On 21 October 2020, the Victorian Government made an announcement which will benefit the hospitality sector after being hit by COVID-19 and ensuring the sector can make a smooth transition to outdoor dining by streamlining planning approvals.
Minister for Planning, Richard Wynne, announced yesterday that existing pubs, restaurants, cafes and other food and drink venues can use existing outdoor spaces, as well as nearby parks and public land to accommodate and serve patrons without the need for a planning permit.
The exemptions being made under planning amendment VC139 will allow venues to capitalise on open spaces including streets, footpaths and carparks to add to venue capacity while restrictions reduce the number of patrons allowed for indoor dining. Businesses covered by the exemptions include restaurants, cafes, bars, hotels, function and reception centres and wineries.
What the amendment does?
The amendment amends clause 52.18 (State of emergency exemption) of Victoria Planning Provisions and all planning schemes to support Victoria’s social and economic recovery from the coronavirus (COVID-19) pandemic through temporary planning scheme and permit condition exemptions that enable outdoor dining and facilitate the reopening and safe operation of restaurants and other food and drink businesses.
The exemptions will operate when a state of emergency declaration under the Public Health and Wellbeing Act 2008 in relation to coronavirus is in force and for 12 months after.
The new planning exemptions will support the hospitality industry by enabling businesses to better plan and use their own land and expand onto adjoining land to accommodate more patrons while the number of patrons is determined by social distancing guidelines.
The new provisions also provide exemptions from the need to obtain planning permits for construction of temporary buildings, the provision of car parking, and the sale and consumption of liquor – subject to conditions.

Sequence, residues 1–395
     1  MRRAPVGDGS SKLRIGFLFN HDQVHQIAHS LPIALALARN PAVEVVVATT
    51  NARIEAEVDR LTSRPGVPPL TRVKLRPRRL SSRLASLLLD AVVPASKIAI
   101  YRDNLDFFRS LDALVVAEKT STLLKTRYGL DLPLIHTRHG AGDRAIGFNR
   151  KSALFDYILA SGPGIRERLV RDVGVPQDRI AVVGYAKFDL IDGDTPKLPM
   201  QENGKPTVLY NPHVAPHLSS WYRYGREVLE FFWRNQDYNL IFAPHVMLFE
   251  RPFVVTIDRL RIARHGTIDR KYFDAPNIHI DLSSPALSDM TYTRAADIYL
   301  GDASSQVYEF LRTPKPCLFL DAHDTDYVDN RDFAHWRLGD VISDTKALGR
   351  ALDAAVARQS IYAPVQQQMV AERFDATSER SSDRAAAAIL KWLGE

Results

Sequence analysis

The amendment includes conditions that limit the hours during which outdoor dining in, or close to, residential zones can occur and require the use of land under the exemptions to not unreasonably affect the amenity of the neighbourhood through noise and other emissions.
Conditions also apply for construction of temporary buildings, limiting the exemptions to temporary and moveable buildings which must be removed from the land before the end of the exemption period and including conditions that limit the height of buildings and require buildings to be set back from adjacent land in a residential zone ensuring the normal planning scheme requirements continue to apply to existing buildings in the Heritage Overlay.
The exemptions apply to permits issued before the approval date of the amendment only, giving businesses more flexibility about how they use their own land in order to comply with public health guidelines. The exemptions will apply while Victoria remains under a State of Emergency, and for 12 months after the State of Emergency has been lifted. Liquor licence, public health matters and public land manager requirements may still need to be met along with council administered local laws.
The full amendment can be view here